Extant 18th c. Stays from the Marjorie Russell Clothing and Textile Museum, Nevada

A little while ago I attended a fascinating lecture on underwear through the ages, presented by Jan the Costume Anthropologist at the Marjorie Russell Clothing and Textile Research Center.  While this small and exclusive branch of the Nevada State Museum collects and preserves primarily clothing of the 19th century, they do have a few extremely rare items from before that time – that is, Nevada did not see its influx of settlers until around 1850, and so items from before this period were carried along with these pioneers, as family treasures.

What caught my interest was the first item we looked at, a pair of 18th c. stays belonging to the Billinghurst family, a prominent name in Northern Nevada (or at least a local middle school is named for them).  The museum had them dated quite early – 1760s – but I question that (I know, how dare I!) because of the shortness of waist (which you can’t see in the photos, but these stays were TINY, almost child-sized), and the boning pattern, which is interesting.  I would put them more at late 1780s – what do you think?

(Click Photos for Larger Sizes)

They’re not pretty – the outer fabric is pretty basic heavy linen, and the sandwich layer is a pretty coarse linen.  The lining would have been tacked in and then removable to be cleaned or replaced.  This image shows the outside, the wearer’s left side.  Check out those gnarly boning channels all crossing each other.
Here’s the wearer’s right side.  The stays lace in front and have no lacings in the back.  You can see on this side there is an addition up on the strap tab, perhaps a repair?  It’s not obvious from these exterior pictures how the straps attached, but a look at the interior photo shows that they were sewn in on the inside, but then perhaps cut off at a later date to be made adjustable.  There aren’t any holes, however, that indicate how they were attached after being cut off.
Here’s the inside.  You can see the rough quality of the fabric.  This was a stability layer and the lining would have been layed over this and tacked in place.  
The back view (my apologies for not getting it all in the frame!)   You can see that the boning pattern on the back is pretty simple, straight-forward verticals.  The straps are set at a wide angle, so they would have been pretty far out on the shoulders.

These, believe it or not, are the first pair of 18th c. stays I have ever seen in person.  They were TINY, and ugly!  Still, a fascinating bit of reference, particularly for that boning pattern.  It shows that there was no hard-and-fast rules on how to make these things.  We see similarities in shape and pattern, but also a lot of creativity in the way things were put together.  I would love to see these on a body to see how the funky boning pattern effected the shape of the wearer.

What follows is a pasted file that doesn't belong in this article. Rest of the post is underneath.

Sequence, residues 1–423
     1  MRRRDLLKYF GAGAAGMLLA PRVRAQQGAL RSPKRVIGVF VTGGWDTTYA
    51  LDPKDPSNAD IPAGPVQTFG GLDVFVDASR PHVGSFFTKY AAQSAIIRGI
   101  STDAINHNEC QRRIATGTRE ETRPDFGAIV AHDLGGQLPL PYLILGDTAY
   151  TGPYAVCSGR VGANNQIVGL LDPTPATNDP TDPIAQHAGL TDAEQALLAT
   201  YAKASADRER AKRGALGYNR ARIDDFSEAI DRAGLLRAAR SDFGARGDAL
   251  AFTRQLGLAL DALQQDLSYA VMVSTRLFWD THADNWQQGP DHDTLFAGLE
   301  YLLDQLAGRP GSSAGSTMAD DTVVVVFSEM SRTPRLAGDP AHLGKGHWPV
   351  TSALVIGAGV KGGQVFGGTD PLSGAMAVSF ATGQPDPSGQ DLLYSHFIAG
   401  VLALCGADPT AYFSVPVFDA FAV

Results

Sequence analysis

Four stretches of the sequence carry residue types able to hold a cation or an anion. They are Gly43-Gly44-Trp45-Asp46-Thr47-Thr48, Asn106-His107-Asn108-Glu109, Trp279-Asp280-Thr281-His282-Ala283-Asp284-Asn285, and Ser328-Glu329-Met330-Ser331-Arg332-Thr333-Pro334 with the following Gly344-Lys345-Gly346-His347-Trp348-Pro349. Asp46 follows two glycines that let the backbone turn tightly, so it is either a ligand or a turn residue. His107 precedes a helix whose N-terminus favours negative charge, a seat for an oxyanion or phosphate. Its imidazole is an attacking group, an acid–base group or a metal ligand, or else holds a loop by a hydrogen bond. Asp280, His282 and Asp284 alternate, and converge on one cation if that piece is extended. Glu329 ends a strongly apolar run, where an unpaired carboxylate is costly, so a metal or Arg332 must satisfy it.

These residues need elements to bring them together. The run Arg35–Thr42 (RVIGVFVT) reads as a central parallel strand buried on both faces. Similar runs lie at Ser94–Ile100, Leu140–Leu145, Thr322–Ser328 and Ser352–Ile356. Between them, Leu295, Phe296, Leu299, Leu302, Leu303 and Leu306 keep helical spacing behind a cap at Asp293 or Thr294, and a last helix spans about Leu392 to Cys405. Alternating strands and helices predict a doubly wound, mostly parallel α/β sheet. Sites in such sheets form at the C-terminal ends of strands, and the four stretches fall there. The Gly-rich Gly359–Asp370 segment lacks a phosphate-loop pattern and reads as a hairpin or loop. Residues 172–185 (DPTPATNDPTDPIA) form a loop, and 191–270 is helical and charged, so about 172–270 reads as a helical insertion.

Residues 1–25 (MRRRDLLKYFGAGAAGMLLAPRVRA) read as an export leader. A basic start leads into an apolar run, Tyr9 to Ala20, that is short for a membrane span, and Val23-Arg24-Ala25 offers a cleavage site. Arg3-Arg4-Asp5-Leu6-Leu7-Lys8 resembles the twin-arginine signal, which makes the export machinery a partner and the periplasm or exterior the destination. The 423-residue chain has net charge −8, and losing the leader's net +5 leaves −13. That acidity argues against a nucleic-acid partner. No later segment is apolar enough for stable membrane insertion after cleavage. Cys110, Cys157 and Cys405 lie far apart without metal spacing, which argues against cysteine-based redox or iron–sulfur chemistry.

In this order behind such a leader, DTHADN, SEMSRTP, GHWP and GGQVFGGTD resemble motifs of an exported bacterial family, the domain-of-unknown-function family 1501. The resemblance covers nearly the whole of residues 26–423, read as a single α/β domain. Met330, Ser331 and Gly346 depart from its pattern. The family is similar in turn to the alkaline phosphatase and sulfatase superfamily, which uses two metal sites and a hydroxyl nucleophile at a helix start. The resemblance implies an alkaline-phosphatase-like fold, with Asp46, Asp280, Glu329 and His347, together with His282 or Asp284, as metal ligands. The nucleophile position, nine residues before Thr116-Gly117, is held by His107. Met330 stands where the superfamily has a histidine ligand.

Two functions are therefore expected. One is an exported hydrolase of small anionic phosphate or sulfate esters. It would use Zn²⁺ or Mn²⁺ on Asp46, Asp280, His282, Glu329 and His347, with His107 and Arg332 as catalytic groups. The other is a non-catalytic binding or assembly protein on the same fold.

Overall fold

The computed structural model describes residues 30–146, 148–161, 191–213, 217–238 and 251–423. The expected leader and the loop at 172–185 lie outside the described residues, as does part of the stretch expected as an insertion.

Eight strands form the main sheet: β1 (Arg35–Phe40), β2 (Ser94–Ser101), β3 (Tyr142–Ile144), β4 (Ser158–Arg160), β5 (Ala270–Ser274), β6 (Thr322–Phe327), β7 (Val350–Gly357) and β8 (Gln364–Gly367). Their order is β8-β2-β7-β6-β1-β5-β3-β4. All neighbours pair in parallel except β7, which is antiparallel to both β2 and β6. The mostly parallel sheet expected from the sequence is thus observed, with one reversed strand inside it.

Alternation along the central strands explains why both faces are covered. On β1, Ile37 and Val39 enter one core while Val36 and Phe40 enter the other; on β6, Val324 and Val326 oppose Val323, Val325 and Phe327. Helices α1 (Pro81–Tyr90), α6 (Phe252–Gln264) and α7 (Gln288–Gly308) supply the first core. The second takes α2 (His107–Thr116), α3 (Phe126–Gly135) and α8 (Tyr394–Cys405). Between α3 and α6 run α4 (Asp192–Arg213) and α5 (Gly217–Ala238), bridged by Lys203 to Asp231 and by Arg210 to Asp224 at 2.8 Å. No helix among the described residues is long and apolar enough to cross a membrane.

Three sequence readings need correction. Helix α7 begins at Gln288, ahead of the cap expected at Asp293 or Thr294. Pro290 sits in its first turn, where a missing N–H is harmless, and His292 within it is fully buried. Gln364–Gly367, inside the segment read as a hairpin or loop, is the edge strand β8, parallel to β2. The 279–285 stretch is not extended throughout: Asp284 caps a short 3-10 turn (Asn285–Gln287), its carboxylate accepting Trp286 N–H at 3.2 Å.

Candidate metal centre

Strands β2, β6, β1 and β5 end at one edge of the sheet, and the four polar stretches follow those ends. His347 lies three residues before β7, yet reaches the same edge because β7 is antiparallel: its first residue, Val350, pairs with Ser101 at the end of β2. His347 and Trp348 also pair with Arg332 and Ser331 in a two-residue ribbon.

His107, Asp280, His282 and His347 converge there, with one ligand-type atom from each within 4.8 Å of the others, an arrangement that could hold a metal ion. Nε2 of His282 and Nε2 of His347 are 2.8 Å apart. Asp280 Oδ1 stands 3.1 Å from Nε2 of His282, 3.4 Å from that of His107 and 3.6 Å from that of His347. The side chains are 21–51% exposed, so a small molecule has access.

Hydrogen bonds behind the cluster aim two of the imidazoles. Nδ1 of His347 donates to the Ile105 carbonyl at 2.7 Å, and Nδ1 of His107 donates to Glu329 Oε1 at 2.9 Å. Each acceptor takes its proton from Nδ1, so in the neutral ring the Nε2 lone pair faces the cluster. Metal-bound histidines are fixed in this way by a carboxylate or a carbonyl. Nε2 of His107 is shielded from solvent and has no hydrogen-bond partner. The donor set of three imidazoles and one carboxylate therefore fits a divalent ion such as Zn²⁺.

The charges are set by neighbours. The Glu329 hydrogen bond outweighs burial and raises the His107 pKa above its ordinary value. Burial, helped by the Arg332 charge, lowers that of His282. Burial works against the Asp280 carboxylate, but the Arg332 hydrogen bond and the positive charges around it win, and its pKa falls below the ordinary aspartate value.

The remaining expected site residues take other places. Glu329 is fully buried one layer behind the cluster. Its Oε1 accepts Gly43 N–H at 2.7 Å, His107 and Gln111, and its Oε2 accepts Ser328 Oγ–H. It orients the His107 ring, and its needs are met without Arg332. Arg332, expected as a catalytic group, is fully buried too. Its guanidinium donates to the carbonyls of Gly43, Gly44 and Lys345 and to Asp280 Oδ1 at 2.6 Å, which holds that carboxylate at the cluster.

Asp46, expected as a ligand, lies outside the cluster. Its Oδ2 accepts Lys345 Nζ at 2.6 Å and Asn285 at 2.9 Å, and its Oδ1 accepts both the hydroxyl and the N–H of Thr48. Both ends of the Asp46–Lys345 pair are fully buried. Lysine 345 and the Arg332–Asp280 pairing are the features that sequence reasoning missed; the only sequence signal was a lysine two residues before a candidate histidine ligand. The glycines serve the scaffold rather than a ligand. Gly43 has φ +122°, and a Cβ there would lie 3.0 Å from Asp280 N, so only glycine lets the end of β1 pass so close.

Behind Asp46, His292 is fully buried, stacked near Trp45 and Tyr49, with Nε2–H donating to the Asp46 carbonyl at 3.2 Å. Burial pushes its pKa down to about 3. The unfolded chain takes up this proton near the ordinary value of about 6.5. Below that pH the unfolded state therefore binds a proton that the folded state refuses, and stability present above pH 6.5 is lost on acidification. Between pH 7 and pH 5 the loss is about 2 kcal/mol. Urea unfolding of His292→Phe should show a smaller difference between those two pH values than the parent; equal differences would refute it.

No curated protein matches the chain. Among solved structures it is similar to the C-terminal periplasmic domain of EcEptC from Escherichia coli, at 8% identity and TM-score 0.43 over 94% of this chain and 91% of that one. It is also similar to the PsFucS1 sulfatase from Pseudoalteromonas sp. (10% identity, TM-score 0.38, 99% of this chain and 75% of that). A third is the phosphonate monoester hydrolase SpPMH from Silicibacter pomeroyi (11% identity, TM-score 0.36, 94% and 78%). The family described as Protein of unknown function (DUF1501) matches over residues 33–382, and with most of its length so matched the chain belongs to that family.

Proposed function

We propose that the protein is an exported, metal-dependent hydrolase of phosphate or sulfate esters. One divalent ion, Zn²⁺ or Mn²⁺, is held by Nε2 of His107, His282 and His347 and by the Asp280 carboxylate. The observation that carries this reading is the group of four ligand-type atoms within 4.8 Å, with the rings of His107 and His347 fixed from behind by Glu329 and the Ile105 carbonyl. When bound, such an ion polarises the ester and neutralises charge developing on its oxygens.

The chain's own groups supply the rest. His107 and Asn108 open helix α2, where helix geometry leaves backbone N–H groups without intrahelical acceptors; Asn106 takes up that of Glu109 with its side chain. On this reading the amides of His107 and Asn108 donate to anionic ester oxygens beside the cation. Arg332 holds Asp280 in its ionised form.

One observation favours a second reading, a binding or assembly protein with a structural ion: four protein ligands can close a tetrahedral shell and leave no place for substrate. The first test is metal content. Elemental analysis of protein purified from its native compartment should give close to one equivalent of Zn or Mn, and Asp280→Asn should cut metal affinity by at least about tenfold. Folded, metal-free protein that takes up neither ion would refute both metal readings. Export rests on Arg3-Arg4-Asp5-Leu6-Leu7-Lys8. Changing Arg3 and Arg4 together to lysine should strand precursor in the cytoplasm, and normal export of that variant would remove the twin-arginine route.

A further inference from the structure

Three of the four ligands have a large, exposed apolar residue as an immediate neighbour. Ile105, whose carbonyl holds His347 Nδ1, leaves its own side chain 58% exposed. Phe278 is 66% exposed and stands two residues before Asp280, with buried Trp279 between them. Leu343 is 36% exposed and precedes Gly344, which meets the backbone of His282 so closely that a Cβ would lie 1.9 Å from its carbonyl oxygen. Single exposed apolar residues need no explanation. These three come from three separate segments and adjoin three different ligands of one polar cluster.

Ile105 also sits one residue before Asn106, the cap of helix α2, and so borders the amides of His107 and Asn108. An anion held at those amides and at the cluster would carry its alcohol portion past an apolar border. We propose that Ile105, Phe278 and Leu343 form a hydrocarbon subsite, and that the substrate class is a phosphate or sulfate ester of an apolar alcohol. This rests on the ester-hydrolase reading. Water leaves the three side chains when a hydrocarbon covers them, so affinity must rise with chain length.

Your comments (and corrections) are welcome!  Please use these images any way you like, and if you fancy, please link back to me if you do.  So what do you think of these, ladies?


  • Alexa

    January 24, 2011 at 10:22 PM

    I think in their day they were probably decent-looking. I just imagined what a white bra might look like in 200 years, so I forgave them 🙂 I'm really curious to see what the boning pattern does too. My guess is that the wearer was just naturally very thin, and the boning was only there to move her slightly into the right shape. Kind of like if I just made a wire cage around my body.

    Are you going to make a set to try on yourself? Because if no one else gets to this I just might try it 😛

  • MrsC (Maryanne)

    January 24, 2011 at 11:59 PM

    Perhaps it really was for a girl, hence the lesser amount of boning? The idea of children being laced is so horrendous but it did happen. Fascinating! 🙂

  • Lauren Stowell

    January 25, 2011 at 1:03 AM

    Maybe they were for a girl. They were THAT small. Hallie, that was my thought exactly when I first saw them, that they were transitional. I should have kept my mouth shut, lol – I brought it up to the historian, who said that a museum in the UK dated them. I have my suspicions, although I feel pretty lame thinking I know more than a museum…maybe they tested the whale bone or something crazy like that.

  • Rowenna

    January 25, 2011 at 2:28 PM

    The boning is really interesting–the criss-crossing looks pretty neato 🙂 Any chance they were somehow remade/reworked/bits salvaged from 1760s stays into transition stays (so in the end, everyone's right)? Though don't feel bad about questioning a museum…I know I've found some mistakes over the years…and probably made some while recording pieces when I worked at a museum!